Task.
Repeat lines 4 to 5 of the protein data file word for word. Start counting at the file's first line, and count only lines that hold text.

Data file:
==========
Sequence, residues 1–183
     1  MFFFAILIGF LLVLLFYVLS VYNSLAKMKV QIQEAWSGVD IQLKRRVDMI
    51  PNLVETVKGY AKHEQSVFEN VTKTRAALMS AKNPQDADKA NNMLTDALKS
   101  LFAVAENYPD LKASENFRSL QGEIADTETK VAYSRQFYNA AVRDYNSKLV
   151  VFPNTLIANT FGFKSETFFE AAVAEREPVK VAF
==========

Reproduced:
   101  LFAVAENYPD LKASENFRSL QGEIADTETK VAYSRQFYNA AVRDYNSKLV
   151  VFPNTLIANT FGFKSETFFE AAVAEREPVK VAF